But in calculating what you’d save, keep in mind that lower interest rates may mean you get less of a tax deduction on April 15. Your real savings are your lower interest payments minus higher taxes.
Lower total costs. The total amount of interest a homeowner pays over the life of a 15-year mortgage is, of course, much less than the total amount paid over a longer mortgage.
For instance, a homeowner can expect to pay a total of about $187,000 in interest on a $200,000, 30-year mortgage with an interest rate of 5 percent. Change the term to 15 years, and total interest charges drop to about $85,000, also according to Bankrate.com.
Peace of mind. Paying off a mortgage more quickly also offers a less quantitative, yet still important benefit, particularly for fifty- and sixtysomethings. “For some people, there’s a considerable psychological benefit to having a mortgage paid off when they retire,” says Michael Fratantoni, vice president of research and economics with the Mortgage Bankers Association.
On the other hand, many homeowners shy away from 15-year mortgages. Here’s why:
Other debt. It makes sense to attack any credit card debt before shortening your mortgage, says Jason Lilly, director of portfolio management with Rockland Trust in Osterville, Mass. “After all, the interest rate for credit card debt is three to five times higher.”
The cost to refinance. Every refinancing transaction comes with costs, like appraisal and document preparation fees. To make refinancing worthwhile, the new interest rate should be at least 0.5 percent lower than the current rate, says Ewing. So, if you’re paying 5 percent, you’ll generally want to consider refinancing if the new rate is 4.5 percent or lower.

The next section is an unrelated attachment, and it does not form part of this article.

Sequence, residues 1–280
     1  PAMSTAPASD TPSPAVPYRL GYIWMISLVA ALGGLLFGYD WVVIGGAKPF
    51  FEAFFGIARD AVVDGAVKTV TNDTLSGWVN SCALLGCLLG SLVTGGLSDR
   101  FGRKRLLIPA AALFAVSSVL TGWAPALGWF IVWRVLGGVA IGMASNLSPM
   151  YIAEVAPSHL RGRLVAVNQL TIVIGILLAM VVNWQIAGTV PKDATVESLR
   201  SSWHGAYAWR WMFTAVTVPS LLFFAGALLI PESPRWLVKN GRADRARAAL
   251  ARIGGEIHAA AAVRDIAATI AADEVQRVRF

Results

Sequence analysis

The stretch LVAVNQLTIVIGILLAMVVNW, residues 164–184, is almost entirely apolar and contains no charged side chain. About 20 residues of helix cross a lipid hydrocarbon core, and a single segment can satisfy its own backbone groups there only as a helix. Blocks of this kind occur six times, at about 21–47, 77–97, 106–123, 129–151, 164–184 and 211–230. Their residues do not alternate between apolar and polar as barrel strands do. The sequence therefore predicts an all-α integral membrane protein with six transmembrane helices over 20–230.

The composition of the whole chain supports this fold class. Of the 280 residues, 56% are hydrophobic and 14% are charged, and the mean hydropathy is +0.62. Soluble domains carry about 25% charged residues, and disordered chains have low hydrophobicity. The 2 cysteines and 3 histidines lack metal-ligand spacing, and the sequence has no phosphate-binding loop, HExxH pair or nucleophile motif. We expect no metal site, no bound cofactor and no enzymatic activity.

Also, you need to be fairly confident that you’ll be in your house for long enough after you refinance that you’ll recoup the costs. Say, if you save $200 a month by refinancing and have closing costs of $5,000, you’d want to stay at least two years.
Steeper monthly payments. In the example of a $200,000 house, the monthly payments on the 15-year mortgage come to $1,582—about $500 more than with a 30-year loan. People looking into a 15-year mortgage will want to make sure that their total debt-to-income ratio remains below 45 percent, Ewing notes. “That gives some wiggle room in case you lose income or your other expenses go up.”
However, if a homeowner already has been making payments for some time on a 30-year loan, the jump in the monthly payment isn’t quite as dramatic.
Again, take a 30-year loan of $200,000, and assume the homeowner has been paying on it for 10 years, leaving a balance of about $163,000. Refinancing to a 15-year mortgage bumps the payments to about $1,281, or a difference of $200. What’s more, that is assuming the homeowner’s interest rate stays at 5 percent; if it drops because the loan is for 15 years, the monthly payments will as well.
Karen Kroll is a Minneapolis-based finance writer and blogger. Her stories have appeared in Bankrate.com, CFO, CreditCards.com and other publications.